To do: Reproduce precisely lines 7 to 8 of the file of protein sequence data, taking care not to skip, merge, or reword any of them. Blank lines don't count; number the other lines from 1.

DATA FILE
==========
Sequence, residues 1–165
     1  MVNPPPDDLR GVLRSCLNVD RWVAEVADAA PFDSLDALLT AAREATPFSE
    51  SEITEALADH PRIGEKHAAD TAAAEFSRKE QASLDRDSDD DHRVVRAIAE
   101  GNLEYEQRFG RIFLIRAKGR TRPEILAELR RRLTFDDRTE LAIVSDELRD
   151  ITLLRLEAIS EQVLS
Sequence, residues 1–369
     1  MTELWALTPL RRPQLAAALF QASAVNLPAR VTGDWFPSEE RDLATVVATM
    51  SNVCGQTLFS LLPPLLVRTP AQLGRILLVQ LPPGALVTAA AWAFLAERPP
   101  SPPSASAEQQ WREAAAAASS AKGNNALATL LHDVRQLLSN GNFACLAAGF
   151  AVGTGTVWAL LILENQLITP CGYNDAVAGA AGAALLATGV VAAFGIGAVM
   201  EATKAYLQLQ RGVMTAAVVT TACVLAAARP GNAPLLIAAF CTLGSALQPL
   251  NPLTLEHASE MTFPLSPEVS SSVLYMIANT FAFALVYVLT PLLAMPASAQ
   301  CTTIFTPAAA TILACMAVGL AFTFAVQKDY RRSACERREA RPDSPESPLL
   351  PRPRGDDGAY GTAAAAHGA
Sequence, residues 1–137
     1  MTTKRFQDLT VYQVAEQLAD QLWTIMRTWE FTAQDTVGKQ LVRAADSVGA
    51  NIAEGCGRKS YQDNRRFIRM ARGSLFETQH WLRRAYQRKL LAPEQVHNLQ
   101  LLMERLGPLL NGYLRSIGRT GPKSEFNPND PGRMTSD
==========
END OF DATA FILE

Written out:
     1  MTELWALTPL RRPQLAAALF QASAVNLPAR VTGDWFPSEE RDLATVVATM
    51  SNVCGQTLFS LLPPLLVRTP AQLGRILLVQ LPPGALVTAA AWAFLAERPP